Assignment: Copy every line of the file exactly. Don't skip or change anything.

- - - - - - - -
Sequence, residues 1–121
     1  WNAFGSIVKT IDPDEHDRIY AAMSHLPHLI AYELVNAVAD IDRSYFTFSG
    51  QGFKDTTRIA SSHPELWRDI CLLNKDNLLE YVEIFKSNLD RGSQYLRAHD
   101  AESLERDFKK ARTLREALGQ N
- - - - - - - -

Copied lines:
Sequence, residues 1–121
     1  WNAFGSIVKT IDPDEHDRIY AAMSHLPHLI AYELVNAVAD IDRSYFTFSG
    51  QGFKDTTRIA SSHPELWRDI CLLNKDNLLE YVEIFKSNLD RGSQYLRAHD
   101  AESLERDFKK ARTLREALGQ N